Prophetic Imagination, The Greatest Prayer, and Mass Incarceration

By Charles Kiker

This is something of a response to and expansion of Alan Bean’s recent post, “Marcus Borg’s radical Christianity.” In this post Dr. Bean mentioned Walter Brueggemann and John Dominic Crossan in passing. I respond by expanding on the thought of those two scholars, and relate their perspectives to the issue of mass incarceration.

Walter Brueggemann

Walter Brueggemann is the author of The Prophetic Imagination. The second edition was copyrighted in 2001, so it does not qualify as a recent contribution. But it only recently came to my attention.

Brueggemann presents the Hebrew culture as represented by Moses as an alternative community to the royal, person negating culture of Egypt. The culture of Egypt was anti-freedom not only for humanity, but also for God. This counterculture to royalty and the perks of royalty persisted in Hebrew life for a couple of centuries or so before a new royalty, a counter-counterculture, took root under David and thrived under Solomon and his successors in both Hebrew kingdoms. The prophets beginning in the 8th century BCE, some of them at least, broke free from tradition to provide a new counter voice to the royal consciousness of privilege and power that had arisen in the Hebrew kingdoms.

Jeremiah was the prophet of pain; Deutero-Isaiah the prophet of hope. Pain is a necessary predecessor to hope, lament a predecessor to praise in the confrontation between the royal consciousness of privilege and power and the radical freedom of and in God.  I have this quote from Brueggemann written in the margin of my Bible at Psalm 23, “It is precisely those who know death most painfully who can speak hope most vigorously” (The Prophetic Imagination, p. 67). Brueggemann cautions that social policy is not necessarily in the purview of the prophet, and that anguish is more fitting than anger as prophetic attitude. This book cannot be satisfactorily reviewed in a blog-length post. One must read it for oneself.

John Dominic Crossan

John Dominic Crossan in The Greatest Prayer: Rediscovering the Revolutionary Message of the Lord’s Prayer travels from Genesis to Revelation with many stops between in his exposition of the Lord’s Prayer. He provides a convincing contrast of the kingdom of God with the kingdoms of this world. God is Father/Householder in a just household where everyone has enough and no one has too much. God is God’s name, and God’s name is holy. The venue of God’s heavenly kingdom/will is earth. Crossan references the manna in the wilderness in his exposition of our daily bread.

In the final chapter, Crossan discusses the Bible as “The Strangest Book.” In this book, Crossan acknowledges, we find not only, from cover to cover, a God of nonviolent distributive justice and restorative righteousness but also a God of violent retributive justice and punitive righteousness. Crossan asks the question, “How is that to be—or is it to be—reconciled?” (p. 183).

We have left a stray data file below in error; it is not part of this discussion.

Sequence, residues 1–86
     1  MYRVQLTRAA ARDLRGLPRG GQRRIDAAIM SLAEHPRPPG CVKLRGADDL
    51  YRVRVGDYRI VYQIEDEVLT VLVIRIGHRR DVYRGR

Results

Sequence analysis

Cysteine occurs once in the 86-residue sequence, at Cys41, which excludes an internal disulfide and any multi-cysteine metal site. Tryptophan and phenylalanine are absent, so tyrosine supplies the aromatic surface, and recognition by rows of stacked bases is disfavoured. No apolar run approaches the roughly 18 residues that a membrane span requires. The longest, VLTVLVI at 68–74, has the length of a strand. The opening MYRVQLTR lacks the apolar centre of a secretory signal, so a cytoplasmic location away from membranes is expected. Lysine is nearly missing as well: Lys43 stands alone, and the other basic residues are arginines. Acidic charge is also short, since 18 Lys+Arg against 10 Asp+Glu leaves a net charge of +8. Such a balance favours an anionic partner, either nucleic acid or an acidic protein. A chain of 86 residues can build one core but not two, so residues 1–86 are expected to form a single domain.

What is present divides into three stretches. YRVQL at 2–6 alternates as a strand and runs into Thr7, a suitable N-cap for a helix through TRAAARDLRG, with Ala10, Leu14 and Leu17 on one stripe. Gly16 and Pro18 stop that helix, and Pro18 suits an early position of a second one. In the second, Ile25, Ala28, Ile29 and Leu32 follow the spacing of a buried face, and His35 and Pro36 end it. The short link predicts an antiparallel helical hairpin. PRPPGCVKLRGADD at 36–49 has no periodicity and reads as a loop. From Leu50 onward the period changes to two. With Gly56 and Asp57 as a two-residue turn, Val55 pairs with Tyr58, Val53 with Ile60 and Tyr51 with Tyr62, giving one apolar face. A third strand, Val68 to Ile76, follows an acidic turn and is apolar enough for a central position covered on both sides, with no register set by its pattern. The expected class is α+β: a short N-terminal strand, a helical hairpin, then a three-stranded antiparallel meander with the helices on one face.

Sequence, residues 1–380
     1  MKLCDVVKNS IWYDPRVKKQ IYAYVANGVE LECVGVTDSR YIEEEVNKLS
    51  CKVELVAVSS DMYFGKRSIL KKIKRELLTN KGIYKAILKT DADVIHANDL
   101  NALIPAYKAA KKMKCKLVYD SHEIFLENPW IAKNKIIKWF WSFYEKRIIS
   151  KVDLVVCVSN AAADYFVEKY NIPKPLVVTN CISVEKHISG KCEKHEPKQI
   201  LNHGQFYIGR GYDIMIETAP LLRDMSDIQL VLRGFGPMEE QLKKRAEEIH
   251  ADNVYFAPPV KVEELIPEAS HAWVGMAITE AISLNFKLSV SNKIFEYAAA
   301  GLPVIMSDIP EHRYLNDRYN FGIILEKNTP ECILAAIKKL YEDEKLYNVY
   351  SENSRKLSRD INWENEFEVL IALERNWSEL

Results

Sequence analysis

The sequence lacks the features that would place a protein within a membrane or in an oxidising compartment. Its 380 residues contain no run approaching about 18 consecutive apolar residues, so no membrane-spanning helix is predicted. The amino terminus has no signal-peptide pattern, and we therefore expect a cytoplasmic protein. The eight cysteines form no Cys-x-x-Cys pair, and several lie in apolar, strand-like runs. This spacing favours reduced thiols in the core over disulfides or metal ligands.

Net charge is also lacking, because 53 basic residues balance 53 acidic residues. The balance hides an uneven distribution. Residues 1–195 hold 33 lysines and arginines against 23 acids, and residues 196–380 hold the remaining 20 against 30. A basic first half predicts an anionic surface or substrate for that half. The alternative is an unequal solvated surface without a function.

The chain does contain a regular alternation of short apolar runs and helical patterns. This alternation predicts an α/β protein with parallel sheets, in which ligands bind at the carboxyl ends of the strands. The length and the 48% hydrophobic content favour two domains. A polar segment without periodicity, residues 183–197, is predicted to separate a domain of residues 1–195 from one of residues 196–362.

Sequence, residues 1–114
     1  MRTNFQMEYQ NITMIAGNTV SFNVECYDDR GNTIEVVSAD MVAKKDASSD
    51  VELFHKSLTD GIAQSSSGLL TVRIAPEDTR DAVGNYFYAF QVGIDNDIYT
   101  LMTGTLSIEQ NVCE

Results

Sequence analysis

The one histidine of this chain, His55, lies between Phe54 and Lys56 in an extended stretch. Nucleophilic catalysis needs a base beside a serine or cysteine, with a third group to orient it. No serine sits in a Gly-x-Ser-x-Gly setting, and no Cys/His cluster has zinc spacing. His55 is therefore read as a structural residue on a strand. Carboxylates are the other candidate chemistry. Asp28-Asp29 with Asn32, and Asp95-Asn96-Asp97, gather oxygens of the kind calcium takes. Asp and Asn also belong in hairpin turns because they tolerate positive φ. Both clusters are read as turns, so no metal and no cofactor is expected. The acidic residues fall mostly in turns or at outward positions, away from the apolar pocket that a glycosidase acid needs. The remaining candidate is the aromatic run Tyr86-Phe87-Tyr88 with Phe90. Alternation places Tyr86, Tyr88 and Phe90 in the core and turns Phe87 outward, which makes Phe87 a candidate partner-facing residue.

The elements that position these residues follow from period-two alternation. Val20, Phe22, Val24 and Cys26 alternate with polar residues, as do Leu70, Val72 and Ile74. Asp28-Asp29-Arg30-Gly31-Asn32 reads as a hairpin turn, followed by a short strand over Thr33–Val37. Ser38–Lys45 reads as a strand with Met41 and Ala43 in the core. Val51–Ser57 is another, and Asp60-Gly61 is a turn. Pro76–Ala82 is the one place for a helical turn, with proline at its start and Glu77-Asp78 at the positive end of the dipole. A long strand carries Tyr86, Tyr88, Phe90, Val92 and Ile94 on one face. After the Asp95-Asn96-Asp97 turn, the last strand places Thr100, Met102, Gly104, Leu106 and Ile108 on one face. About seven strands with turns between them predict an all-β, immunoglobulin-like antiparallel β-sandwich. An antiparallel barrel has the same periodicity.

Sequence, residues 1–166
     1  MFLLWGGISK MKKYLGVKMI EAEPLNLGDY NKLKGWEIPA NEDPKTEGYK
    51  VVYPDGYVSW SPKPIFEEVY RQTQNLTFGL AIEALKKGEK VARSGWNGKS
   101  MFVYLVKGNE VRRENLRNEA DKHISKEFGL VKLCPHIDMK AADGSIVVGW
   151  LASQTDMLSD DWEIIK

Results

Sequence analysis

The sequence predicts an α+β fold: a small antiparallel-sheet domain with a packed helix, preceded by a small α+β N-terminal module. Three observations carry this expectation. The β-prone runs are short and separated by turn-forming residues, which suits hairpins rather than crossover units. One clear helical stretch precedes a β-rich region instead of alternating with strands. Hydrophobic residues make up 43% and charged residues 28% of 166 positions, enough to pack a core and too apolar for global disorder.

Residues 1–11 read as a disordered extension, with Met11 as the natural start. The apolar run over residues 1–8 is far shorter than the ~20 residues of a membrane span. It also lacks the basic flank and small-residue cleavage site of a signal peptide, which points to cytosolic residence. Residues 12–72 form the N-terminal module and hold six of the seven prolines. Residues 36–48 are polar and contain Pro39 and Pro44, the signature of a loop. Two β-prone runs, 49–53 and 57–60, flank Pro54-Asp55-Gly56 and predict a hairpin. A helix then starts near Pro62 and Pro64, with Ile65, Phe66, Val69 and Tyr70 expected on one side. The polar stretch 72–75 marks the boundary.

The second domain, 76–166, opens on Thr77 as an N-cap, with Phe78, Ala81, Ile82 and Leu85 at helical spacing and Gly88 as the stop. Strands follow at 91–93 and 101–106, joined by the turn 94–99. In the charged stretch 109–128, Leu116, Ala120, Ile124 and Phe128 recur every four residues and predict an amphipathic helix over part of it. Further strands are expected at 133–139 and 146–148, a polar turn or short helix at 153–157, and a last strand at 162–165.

It cannot be reconciled by claiming that one is the God of the Old Testament and the other of the New. Crossan opts, not for reconciling the two views but openly claiming the God of nonviolence as the God of Jesus Christ.  And that God is the God Crossan opts for. He notes that “. . . we are called Christ-ians and not Bible-ians” (p. 187). Just as with The Prophetic Imagination, one should read The Greatest Prayer for oneself.

As Alan Bean notes in his blog post, neither Brueggemann nor Crossan display any awareness of or interest in the problem of mass incarceration.

Brueggemann does say (p. 117) “The task of prophetic ministry is to evoke an alternative community that knows it is about different things in different ways.” Alan Bean in other posts has asked for intentional kingdom communities.

These two books can help us understand our primary sources for such alternative kingdom communities rooted and grounded in the kingdom of God. They can help us to understand that the alternative to the kingdom of God is a person-negating freedom-denying kingdom of this world. They can help us to communicate that mass incarceration runs counter to the alternative kingdom community.

Are such communities economically viable? Wrong question.

Are such communities possible? Imagine that!

Charles Kiker

Tulia, Texas

Retired minister and founding member of  Friends of Justice

One thought on “Prophetic Imagination, The Greatest Prayer, and Mass Incarceration

  1. I watched the final episode of the PBS documentary, “God in America,” last night. There was a segment with the Martin Luther King Jr. speech at the Lincoln Memorial inWashington, D. C. on August 28, 1963. I could see his movement from Jeremiah (anguish over the unfulfilled American promise for black Americans) to Deutero-Isaiah (radical prophetic imagination hope: “I Have a Dream.” Michelle Alexander with “The New Jim Crow” has set the table with anguish over mass incarceration. It is up to us to begin dreaming with prophetic imagination. We have the Biblical basis provided by the scholarly works of Borg, Brueggemann, Crossan and others. We have the authority of the United States Constitution. We have the recent historical precedent of Martin Luther King Jr. Let this not be a time of small things, but a day for expansive imagination. Let us dream big.

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